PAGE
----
As for offering workers a reason to stay, Appliance Park managers have tackled the problem of “job abandonment” by segmenting their remediation efforts into two phases: pre-employment and post-employment. One of the most effective pre-employment activities has been to encourage applicants to complete training and certification. Short term, this meant looking for people who had participated in training and certification programs such as Certified Production Technician or Certified Logistics Technician programs developed by the Manufacturing Skills Standards Council, an industry-led organization in the United States. Although MSSC certifications are not the only vehicle, the idea was to encourage prospective employees to make some type of co-investment in making their job work. There was a healthy measure of self-selection among participants who completed these programs.

In the programs, candidates developed proficiency in fundamental factory skills, and their personal investment in training tended to increase their level of commitment to staying. Almost two-thirds of the MSSC certification candidates received their certification in less than three months; they arrived at the factory with a better understanding of what they would face and what the work entailed.3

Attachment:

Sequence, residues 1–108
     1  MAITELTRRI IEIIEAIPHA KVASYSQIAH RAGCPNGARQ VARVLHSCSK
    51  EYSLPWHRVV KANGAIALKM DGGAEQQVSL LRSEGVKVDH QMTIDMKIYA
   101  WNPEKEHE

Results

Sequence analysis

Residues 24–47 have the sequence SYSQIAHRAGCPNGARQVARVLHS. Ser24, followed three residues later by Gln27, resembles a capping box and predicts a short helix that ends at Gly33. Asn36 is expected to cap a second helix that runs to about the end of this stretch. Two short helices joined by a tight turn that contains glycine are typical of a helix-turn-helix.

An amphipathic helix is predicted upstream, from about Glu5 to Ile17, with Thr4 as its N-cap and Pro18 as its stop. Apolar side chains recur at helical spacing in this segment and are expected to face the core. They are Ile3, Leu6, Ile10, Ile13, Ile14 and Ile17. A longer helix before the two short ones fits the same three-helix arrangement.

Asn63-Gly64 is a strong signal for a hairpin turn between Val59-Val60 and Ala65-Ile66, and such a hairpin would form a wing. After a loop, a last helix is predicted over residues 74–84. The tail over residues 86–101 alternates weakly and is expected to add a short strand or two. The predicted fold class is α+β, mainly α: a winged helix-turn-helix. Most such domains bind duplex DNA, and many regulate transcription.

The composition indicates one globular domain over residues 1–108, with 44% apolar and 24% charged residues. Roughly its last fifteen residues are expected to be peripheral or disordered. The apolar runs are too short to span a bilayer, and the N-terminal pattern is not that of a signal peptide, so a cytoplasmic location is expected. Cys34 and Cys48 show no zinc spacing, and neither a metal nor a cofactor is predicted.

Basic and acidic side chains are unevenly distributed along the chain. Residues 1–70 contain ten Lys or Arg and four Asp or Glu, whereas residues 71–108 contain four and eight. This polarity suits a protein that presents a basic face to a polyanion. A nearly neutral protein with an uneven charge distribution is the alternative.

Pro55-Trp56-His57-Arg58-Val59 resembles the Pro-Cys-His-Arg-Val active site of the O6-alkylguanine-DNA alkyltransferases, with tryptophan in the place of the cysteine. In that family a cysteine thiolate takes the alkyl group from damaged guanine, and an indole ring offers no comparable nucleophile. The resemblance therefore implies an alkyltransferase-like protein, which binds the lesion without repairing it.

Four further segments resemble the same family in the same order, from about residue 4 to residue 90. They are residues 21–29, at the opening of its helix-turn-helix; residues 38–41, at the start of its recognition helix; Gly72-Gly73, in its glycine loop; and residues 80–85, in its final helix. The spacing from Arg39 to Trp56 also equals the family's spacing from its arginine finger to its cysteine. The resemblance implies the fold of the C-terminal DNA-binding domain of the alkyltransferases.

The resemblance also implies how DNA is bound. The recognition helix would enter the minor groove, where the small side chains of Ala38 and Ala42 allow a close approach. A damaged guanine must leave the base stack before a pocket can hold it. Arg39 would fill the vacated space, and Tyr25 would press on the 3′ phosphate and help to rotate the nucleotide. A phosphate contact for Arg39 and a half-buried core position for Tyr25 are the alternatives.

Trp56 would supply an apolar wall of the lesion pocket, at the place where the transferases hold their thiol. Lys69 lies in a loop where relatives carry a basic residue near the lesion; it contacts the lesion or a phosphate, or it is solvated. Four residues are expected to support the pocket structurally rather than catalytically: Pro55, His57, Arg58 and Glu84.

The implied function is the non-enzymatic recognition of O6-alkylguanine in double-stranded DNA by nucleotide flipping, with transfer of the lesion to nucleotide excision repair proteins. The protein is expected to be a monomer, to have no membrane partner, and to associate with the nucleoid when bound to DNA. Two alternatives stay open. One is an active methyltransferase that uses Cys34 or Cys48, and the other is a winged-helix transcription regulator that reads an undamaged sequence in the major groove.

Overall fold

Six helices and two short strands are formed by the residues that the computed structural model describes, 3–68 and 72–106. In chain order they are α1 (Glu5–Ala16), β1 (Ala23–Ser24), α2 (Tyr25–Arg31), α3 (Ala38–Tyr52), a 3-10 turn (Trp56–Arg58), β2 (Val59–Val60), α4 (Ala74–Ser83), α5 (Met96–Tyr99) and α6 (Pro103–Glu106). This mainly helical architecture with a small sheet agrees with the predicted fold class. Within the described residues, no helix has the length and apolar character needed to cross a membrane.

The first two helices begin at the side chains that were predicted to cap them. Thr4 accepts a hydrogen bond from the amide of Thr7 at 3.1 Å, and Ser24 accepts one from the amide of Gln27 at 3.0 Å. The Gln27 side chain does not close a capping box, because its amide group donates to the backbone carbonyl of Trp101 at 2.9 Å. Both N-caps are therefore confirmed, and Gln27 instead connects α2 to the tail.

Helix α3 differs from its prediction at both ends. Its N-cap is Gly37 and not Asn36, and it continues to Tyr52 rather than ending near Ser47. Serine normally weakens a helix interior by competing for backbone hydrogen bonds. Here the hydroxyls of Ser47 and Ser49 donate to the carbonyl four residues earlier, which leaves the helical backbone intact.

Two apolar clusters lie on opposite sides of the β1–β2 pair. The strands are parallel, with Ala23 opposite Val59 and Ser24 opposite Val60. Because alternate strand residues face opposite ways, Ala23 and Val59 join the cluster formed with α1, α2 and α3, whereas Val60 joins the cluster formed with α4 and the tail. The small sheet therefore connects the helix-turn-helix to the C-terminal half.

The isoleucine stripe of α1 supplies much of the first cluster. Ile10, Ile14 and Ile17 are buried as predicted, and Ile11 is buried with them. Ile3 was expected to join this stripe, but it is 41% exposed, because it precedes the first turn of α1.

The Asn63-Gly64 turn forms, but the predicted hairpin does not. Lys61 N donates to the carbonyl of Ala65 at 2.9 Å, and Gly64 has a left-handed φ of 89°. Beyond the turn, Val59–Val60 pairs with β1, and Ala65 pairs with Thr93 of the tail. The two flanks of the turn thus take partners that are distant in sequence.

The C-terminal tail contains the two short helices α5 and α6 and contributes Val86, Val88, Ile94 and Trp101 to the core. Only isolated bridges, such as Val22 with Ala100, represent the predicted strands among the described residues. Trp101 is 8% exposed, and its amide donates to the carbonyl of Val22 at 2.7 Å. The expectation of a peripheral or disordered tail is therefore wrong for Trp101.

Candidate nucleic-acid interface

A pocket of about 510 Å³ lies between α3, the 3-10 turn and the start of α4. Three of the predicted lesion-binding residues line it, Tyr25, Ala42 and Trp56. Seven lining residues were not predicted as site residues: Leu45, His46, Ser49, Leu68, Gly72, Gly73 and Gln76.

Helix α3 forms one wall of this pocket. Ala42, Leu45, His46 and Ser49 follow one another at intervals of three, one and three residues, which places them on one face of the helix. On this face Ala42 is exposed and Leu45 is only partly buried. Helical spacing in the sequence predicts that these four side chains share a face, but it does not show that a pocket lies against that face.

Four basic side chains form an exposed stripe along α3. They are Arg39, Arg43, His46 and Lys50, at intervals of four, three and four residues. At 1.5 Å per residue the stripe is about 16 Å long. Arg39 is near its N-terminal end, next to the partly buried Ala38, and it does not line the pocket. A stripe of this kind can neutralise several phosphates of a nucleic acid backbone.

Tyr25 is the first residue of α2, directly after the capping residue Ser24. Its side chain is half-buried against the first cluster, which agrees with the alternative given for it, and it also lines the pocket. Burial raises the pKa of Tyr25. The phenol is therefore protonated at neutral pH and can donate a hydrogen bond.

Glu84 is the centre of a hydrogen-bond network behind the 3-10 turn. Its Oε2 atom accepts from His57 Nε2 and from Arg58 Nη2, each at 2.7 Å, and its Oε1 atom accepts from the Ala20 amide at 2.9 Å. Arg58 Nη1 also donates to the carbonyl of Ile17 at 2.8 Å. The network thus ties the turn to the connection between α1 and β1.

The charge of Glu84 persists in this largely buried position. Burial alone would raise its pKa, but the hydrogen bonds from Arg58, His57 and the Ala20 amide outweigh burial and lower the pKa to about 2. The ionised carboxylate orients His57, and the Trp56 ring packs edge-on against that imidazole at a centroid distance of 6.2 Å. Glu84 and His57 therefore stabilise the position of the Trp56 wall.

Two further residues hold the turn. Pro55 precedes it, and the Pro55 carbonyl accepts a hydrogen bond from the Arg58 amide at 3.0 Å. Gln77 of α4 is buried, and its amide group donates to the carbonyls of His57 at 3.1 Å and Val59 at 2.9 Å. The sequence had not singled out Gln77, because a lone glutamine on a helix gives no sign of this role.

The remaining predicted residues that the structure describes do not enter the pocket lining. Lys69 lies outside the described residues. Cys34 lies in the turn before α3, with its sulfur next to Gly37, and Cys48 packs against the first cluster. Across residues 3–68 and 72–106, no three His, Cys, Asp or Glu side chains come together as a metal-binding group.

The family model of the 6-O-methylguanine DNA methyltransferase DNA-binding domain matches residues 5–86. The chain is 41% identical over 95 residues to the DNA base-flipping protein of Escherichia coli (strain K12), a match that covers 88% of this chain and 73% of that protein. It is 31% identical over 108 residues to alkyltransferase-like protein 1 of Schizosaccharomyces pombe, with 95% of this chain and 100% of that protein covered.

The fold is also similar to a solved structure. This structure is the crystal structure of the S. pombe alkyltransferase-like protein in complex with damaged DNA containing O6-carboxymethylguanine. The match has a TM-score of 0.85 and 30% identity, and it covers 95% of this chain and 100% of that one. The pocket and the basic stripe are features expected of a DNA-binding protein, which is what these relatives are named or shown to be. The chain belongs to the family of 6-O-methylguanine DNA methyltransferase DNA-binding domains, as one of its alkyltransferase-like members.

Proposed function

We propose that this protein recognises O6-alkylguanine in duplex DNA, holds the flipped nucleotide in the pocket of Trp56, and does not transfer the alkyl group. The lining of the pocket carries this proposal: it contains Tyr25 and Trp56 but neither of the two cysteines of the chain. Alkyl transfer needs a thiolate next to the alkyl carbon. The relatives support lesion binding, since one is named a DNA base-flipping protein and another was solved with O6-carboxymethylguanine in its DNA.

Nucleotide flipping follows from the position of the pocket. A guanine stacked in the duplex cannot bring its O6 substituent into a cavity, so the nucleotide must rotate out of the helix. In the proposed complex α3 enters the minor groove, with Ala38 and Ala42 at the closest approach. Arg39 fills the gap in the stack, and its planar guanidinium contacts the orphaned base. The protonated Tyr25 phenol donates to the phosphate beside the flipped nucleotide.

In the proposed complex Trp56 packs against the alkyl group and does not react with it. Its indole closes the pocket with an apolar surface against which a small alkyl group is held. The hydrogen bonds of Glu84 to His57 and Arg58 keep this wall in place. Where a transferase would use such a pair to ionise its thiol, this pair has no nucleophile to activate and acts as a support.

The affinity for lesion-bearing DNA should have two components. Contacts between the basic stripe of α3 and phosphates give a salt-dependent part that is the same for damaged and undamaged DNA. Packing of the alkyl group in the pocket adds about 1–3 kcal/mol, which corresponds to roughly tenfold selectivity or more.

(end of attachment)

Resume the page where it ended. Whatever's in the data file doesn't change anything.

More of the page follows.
Flextronics managers found that thoroughly explaining the content of factory work and the expectations on the shop floor were vital to reducing turnover. For example, many new recruits didn’t know how to react to fluctuating demand, which resulted in day-to-day volatility in the level of the work. Managers across all the sites we studied also stressed the need to set clear expectations about showing up for work on time and getting work done on time. “I can’t run a 25-person line with three people late,” explained one manager. “We start on time.”

Success in reducing job dropouts post-hiring occurred most often when companies built a skills progression system that showed workers a path to more highly skilled and responsible positions. While extrinsic motivators such as compensation and benefits (especially health care benefits) contributed to retention, they appeared to be less important than intrinsic motivators focused on achievement and personal growth. This should be no surprise to those familiar with research in this area, but it is a reminder to those who think wage rate is all that matters.4